NAME: KRISHNAN RAGHAVAN
ROLE: REGIONAL LIVELIHOOD OFFICER
Tell us about your job!
I work for UNHCR’S global livelihood unit headquartered in Geneva, but am based in UNHCR’S regional office in Tunisia. I serve as a technical advisor to country offices in the region on projects to help refugees and asylum seekers become economically self-sufficient. I primarily work in North Africa but cover countries outside the region as needed.
At UNHCR, we’re moving towards a more systematic and evidence-based approach to supporting livelihoods that builds on opportunities in the market, involves key actors in the economic landscape, leverages the skills profile of population we’re supporting, and ultimately supports this population’s access to sustainable livelihoods. My role is to help translate this vision into action at the field level.
What are you doing day-to-day?
It varies a lot, I usually have one idea of what I’ll do when I get into work, but it will have completely changed by the end of the day!
Often, I’m designing and/or reviewing strategies, assessments, and evaluations, within the context of our focus on adopting more market- and evidence-based approaches to supporting livelihoods. Assessments cover the skills profiling of the refugee populations as well as opportunities in the market. I will revise these and figure out what could be acted upon. I do the same with local strategies – reviewing them and seeing how approaches could be improved upon.
I also spend a lot of time developing and managing various partnership, as we take a whole-of-society approach to fostering livelihoods at UNHCR. This means I’m often reaching out to the private sector, government partners, business-related service providers like micro-finance institutions, development agencies, NGOs or other UN agencies that work with refugees.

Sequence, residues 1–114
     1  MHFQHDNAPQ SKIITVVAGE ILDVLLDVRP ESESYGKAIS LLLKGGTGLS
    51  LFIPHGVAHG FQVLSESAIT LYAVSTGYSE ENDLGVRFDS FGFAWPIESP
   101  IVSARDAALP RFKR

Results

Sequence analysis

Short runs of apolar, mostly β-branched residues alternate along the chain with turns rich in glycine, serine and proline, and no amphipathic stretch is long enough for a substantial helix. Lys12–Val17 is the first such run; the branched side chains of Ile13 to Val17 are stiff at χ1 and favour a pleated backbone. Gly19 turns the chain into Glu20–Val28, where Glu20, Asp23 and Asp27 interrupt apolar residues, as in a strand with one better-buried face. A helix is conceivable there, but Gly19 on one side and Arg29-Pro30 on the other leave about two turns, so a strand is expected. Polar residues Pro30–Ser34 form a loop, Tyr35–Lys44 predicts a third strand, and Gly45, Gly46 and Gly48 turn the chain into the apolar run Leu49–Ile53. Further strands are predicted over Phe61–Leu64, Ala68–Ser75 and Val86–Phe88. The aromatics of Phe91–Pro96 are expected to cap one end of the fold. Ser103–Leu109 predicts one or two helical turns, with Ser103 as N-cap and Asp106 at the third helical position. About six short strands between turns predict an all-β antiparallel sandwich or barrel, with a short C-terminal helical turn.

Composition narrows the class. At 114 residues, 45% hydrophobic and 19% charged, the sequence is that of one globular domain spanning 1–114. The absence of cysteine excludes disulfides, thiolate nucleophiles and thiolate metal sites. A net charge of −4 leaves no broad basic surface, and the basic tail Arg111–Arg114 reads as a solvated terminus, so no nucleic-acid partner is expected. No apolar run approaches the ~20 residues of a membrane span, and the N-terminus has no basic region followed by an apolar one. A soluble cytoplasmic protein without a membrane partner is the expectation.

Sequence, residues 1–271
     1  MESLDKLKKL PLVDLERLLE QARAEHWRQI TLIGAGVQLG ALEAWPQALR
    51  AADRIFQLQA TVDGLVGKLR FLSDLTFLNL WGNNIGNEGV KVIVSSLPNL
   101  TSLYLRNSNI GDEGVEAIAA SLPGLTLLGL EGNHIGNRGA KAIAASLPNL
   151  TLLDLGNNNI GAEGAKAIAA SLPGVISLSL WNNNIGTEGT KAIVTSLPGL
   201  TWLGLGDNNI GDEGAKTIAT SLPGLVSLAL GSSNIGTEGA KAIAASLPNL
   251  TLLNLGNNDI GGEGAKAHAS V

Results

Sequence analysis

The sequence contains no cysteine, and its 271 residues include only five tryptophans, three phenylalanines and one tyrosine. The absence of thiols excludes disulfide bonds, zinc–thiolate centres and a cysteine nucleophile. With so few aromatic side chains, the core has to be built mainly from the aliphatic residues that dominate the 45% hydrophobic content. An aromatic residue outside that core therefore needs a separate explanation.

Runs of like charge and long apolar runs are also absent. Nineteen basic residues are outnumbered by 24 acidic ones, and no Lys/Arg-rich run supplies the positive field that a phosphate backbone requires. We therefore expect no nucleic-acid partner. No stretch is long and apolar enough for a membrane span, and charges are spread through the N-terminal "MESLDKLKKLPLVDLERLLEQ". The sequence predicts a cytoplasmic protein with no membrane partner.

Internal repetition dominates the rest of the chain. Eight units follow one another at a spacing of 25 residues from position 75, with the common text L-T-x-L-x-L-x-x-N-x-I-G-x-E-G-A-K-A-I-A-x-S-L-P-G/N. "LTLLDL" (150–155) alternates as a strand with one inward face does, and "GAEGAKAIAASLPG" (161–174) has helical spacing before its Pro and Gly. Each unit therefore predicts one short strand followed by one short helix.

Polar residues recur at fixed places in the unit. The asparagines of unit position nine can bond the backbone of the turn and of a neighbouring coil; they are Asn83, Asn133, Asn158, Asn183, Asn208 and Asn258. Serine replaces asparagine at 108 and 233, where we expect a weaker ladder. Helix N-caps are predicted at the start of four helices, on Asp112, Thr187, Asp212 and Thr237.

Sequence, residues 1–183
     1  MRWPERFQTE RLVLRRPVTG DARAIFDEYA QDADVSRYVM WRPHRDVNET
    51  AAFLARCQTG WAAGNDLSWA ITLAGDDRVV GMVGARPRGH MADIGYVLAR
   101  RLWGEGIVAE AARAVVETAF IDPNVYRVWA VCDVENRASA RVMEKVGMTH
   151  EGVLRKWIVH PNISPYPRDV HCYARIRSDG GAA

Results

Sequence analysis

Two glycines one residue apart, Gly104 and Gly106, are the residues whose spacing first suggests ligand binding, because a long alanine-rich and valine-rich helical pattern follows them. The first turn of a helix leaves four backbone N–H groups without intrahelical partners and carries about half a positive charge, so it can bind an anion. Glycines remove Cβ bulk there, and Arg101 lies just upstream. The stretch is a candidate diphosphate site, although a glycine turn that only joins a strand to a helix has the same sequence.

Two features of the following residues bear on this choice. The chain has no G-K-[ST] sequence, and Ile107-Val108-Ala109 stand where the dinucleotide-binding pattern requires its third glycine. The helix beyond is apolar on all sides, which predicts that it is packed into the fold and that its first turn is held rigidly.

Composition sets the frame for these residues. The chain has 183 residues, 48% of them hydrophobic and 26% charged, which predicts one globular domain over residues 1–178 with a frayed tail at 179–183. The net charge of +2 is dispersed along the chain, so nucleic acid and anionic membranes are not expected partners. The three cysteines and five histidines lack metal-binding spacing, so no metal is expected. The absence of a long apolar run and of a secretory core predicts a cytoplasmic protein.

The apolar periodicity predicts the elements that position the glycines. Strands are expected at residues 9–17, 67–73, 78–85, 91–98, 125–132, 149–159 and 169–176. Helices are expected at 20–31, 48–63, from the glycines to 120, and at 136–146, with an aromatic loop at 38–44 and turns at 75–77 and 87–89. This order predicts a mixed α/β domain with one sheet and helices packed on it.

I’ll also travel on mission to help evaluate needs and design programs, deliver livelihoods-related trainings for staff and partners, or help conduct assessments and evaluations.
Did you know you wanted to work in this field or for this organisation?
I knew I wanted to continue working with refugees after SAIS so UNHCR was a natural fit. I had worked on refugee issues at an operational level in the field prior to coming to SAIS. While in DC, I worked on refugee issues at the policy level with a development think tank. I wanted a role that would allow me to work at the intersection of policy and practice, which I am able to do in my present position. The economic inclusion and livelihoods focus of my work now was a natural fit after finishing SAIS because it linked my interest in refugees with the economics training I received at SAIS.
How did you make it happen?
I wish it was a more exciting story! I had a few job alerts with “refugee” as a key word on social impact job boards such as Relief Web and Idealist. I’d review these every couple of days during the term so see what popped up, and I found this opportunity to work with UNHCR. It’s worth noting that many positions with UN agencies are only open to internal applicants so I got quite lucky – my specific position is a secondment from Trickle Up, an NGO UNHCR partners with in the livelihoods sector, so it was advertised externally. I went through the recruitment process with Trickle Up, and once successful, was transferred to work directly for UNHCR.